Words: Ana Kinsella
I lean into the bathroom mirror and balance cautiously on my elbow. Squinting a little, I shakily draw the bright red lipstick onto my lips, trying to fill in what I left on my wineglass. “Oh my god,” I hear a shriek beside me. A girl has stumbled out of a toilet cubicle and bounded up beside me at the sink. “WHAT is that COLOUR!” With a shiver of misplaced pride I roll my lips together to smudge the colour in and show her the tube. “MAC Russian Red,” she reads off the tube before handing it back to me with a grin. “I’m going to buy it tomorrow.”
There is no feeling like the transfer of some decent beauty knowledge. In an oversaturated market where everyone is trying to sell you something, information is currency, and a good recommendation is a valuable thing. Beauty products, a huge, sprawling, booming industry that influences the lives of so many women, are sold to us through a combination of clever marketing, cunning and strategy. Mascara ads feature supermodels wearing fake eyelashes. Expensive perfumes can be but an ingredient away from much, much cheaper ones. And beauty editors at mainstream magazines are often going to have to favour the brand who paid for ad pages over the brand that actually works best.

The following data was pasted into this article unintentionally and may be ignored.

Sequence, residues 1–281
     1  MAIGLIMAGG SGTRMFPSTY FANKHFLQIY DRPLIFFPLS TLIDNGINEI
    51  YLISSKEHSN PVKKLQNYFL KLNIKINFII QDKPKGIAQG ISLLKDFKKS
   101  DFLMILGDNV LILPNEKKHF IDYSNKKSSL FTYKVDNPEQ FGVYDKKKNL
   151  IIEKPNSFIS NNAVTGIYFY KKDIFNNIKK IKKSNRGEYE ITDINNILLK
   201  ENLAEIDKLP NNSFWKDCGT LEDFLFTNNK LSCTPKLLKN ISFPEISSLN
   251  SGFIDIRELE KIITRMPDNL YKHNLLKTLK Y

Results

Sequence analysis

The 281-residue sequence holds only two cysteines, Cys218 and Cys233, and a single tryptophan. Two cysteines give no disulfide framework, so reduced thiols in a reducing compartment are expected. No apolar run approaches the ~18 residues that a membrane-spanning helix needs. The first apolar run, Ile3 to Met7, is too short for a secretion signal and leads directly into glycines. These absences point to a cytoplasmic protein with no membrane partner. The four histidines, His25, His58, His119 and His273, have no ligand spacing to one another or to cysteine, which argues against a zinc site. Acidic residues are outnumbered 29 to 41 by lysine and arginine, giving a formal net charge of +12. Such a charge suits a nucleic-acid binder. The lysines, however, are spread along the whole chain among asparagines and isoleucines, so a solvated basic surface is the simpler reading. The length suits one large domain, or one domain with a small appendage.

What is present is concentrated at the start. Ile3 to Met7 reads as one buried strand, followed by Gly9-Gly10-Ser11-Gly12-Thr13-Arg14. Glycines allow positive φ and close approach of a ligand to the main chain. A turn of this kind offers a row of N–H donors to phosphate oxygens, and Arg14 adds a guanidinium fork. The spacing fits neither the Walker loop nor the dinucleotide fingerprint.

Of course, once women started talking to each other across the internet, the power started to slip away from glossy magazine editors. Rather than relying on a blend of friends’ recommendations, shop assistants, advertising and beauty editorial for advice, we could begin to do our own research on our own terms before shelling out for a new top-dollar foundation. The user-generated review was about to change the way the beauty industry would work forever.